European Round-Table on Patent Practice (EUROTAB)
|European Case Law Identifier:||ECLI:EP:BA:1996:T082094.19961129|
|Date of decision:||29 November 1996|
|Case number:||T 0820/94|
|IPC class:||C12P 21/02|
|Language of proceedings:||EN|
|Download and more information:||
|Title of application:||Polypeptide production|
|Applicant name:||CELLTECH LIMITED|
|Opponent name:||Unigene Labs. Ltd.|
|Relevant legal provisions:||
|Keywords:||Revocation of patent upon Proprietor's request|
Summary of Facts and Submissions
I. European patent No. 0 236 416 with the title "Polypeptide production" was granted with ten claims based on European patent application No. 86 905 378.5.
II. A notice of opposition was filed requesting the revocation of the patent under Article 100(a) EPC (lack of novelty and inventive step).
III. By a decision dated 10 August 1994, the Opposition Division rejected the opposition according to Article 102(2) EPC.
IV. The Appellant (Opponent) lodged an appeal against the decision of the Opposition Division, requesting that the decision under appeal be set aside and the patent be revoked. A statement of grounds of appeal was filed.
V. With a letter dated 17 January 1996, the Respondent (Patentee) stated that "... the Proprietor hereby agrees to revocation of the above identified European patent."
Reasons for the Decision
1. The appeal is admissible.
2. The Respondent (Patentee) has agreed to the revocation of the patent after notice of appeal has been filed.
3. In case T 0186/84 (OJ EPO 1986, 79), the Board of appeal decided that the request made by a patent proprietor during the appeal stage of the opposition proceedings that his patent be revoked is equivalent to withdrawal of his agreement- required for the purpose of Article 113(2) EPC- to the text of the patent as granted and that on this basis the patent must be revoked without examination of the substantive grounds for opposition.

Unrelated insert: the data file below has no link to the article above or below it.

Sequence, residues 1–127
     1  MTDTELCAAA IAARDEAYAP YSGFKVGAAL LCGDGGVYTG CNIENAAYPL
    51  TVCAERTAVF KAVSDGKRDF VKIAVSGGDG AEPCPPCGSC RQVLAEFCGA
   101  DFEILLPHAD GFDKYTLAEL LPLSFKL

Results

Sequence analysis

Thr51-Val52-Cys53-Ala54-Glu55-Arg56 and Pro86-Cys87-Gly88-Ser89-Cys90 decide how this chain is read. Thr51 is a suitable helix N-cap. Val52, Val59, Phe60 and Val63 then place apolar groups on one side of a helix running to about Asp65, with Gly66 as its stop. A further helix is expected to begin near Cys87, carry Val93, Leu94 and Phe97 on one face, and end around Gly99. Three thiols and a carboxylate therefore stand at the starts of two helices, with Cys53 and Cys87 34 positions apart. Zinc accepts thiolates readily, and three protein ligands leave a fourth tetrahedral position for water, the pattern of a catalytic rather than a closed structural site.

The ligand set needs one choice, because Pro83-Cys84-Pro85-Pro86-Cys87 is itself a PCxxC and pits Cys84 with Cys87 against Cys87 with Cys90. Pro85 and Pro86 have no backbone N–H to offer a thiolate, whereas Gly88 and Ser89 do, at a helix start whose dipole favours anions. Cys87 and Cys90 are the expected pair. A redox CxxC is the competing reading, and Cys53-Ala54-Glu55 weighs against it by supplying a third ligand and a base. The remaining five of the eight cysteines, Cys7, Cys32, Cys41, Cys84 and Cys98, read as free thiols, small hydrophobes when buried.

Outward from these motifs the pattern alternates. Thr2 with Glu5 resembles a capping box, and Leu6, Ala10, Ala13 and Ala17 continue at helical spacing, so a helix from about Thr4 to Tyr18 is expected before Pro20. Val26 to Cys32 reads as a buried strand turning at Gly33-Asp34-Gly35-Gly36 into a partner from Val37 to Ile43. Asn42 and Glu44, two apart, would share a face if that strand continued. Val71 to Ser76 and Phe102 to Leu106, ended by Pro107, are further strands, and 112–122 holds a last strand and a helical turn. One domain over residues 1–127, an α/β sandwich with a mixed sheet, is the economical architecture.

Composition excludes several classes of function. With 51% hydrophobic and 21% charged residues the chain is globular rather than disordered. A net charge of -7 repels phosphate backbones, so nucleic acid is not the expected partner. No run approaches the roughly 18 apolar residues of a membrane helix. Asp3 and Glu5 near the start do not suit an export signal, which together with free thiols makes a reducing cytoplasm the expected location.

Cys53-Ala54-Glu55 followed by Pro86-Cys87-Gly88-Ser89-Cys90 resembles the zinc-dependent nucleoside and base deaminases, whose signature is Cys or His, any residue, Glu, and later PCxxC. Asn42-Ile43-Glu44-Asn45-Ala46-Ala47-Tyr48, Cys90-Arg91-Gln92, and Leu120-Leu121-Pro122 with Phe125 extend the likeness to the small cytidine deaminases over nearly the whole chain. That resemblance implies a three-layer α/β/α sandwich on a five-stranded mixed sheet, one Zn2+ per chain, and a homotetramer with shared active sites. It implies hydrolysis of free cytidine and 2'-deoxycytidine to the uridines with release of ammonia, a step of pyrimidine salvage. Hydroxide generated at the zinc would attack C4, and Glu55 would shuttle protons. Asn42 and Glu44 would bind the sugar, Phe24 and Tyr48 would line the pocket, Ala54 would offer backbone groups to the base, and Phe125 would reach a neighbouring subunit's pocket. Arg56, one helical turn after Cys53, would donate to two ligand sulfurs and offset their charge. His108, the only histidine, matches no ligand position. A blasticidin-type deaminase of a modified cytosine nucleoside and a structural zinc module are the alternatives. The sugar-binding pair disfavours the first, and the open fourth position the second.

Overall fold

4. In T 0459/88 (OJ EPO 1990, 425), the Board further explained that " if, in proceedings before the EPO, the patent proprietor himself requests that his patent be revoked, there can scarcely be anymore cogent reason for revoking it since it cannot be in the public interest to maintain a patent against its proprietor's will."
5. Since these decisions were given, the Boards of Appeal have decided in a number of cases to revoke patents under Article 111(1) EPC at the request of their proprietors (e.g. T 0677/90 dated 17 May 1991, T 0092/88 dated 19 September 1991, T 0322/91 dated 14. October 1993).
6. In the present case, the Board interprets the Proprietor's agreement to the revocation of the patent as meaning that he no longer wishes his patent to be maintained and, thus, as a request for revocation.
7. The Board can, therefore, in the exercise of its power under Article 111(1) EPC decide to revoke the European patent.
for these reasons it is decided that:
1. The decision under appeal is set aside.
2. The patent is revoked.